In practice, ultratrace data are routinely misinterpreted in production situations. There is a strong systematic bias to conclude wrongly that statistical control has been lost. False indications of quality issues typically exceed those involving material acceptability. Producers of ultrapure materials conduct numerous root-cause analyses that in fact amount to  searches for nonexistent problems. When a root-cause analysis identifies a nonexistent problem, further resources are wasted trying to fix it. Producers may be pressured into modifying processes because of customer misperceptions that statistical control is frequently lost. Much effort is consumed by the internal and external debates that originate with quality misperceptions and the subsequent misguided efforts at fixing process or measurement protocols.

Materials falsely classified as out of specification are part of a producer's cost, but producer quality control costs ultimately lead to higher material costs for the customer. Other consumer quality control costs include the expenses incurred for remeasurements of product, quality audits, issue documentation and resolution, lost production time resulting from waiting for "good" materials, production risk assessment of "marginal material" use, and implementing quality improvement initiatives. These are only some of the costs associated with having a high false-alarm rate, which creates an atmosphere of suspicion. Business pressures and the pervasive use of inappropriate statistical methods fuel this costly situation.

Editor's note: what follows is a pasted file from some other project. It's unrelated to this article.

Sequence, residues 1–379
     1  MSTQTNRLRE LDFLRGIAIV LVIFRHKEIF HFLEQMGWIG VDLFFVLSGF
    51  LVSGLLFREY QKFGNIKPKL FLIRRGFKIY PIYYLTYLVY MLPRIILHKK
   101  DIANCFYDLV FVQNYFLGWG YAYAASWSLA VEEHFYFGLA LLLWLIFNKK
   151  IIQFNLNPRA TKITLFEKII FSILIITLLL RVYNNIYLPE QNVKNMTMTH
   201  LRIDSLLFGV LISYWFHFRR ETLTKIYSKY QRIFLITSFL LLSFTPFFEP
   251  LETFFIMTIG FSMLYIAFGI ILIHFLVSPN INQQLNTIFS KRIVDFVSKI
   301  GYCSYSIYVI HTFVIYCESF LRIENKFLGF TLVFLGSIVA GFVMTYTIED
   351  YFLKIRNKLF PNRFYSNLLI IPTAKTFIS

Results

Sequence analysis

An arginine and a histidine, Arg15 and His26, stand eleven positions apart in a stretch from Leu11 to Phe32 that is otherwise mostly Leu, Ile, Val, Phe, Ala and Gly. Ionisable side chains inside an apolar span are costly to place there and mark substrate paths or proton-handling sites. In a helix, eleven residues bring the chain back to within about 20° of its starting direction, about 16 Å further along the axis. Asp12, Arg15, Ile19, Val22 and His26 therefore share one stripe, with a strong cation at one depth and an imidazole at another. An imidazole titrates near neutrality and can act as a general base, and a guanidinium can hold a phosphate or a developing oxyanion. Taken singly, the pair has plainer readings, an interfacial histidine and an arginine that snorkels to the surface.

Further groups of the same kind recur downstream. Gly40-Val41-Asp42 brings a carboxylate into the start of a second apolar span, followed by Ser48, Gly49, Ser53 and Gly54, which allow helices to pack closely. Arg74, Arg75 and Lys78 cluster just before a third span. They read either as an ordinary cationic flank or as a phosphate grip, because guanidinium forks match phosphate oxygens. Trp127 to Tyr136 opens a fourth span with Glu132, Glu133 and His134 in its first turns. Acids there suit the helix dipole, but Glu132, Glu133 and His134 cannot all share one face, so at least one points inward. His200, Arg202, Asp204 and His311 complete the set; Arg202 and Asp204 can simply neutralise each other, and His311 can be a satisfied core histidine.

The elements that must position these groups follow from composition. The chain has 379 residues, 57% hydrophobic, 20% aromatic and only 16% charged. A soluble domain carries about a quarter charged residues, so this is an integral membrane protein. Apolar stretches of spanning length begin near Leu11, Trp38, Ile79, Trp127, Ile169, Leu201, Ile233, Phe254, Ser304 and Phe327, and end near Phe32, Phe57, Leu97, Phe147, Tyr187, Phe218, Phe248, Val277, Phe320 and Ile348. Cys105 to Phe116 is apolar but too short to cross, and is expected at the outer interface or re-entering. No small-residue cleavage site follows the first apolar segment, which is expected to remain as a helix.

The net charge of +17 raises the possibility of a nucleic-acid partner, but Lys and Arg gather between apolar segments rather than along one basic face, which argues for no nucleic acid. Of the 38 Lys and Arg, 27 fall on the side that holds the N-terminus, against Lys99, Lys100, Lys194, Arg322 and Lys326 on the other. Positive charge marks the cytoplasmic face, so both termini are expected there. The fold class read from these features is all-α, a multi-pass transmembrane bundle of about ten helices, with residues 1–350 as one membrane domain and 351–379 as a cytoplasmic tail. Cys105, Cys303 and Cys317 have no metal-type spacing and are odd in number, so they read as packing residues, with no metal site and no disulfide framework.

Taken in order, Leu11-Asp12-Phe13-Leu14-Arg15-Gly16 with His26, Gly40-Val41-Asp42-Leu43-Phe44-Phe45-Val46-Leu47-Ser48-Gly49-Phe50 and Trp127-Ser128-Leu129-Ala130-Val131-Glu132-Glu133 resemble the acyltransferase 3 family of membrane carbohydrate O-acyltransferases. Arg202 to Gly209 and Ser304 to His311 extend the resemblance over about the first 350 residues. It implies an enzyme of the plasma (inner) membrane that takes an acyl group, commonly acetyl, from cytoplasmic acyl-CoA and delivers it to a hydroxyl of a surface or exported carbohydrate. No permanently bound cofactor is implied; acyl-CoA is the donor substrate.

Statistical Issues

Many problems related to the statistical analysis of ultratrace data originate from the perception that there is too much measurement uncertainty and from the traditional response to that perception: data censoring. Statistical quality control/statistical process control (SQC/SPC) practices compound the situation by routinely treating censored data as real data for statistical analysis, not appropriately accounting for sample size in control-limit estimations, ignoring the increased testing risks that arise from the use of multiple statistical tests, setting testing risk on a per-measurement basis, using flawed distributional assumptions, and underestimating variability.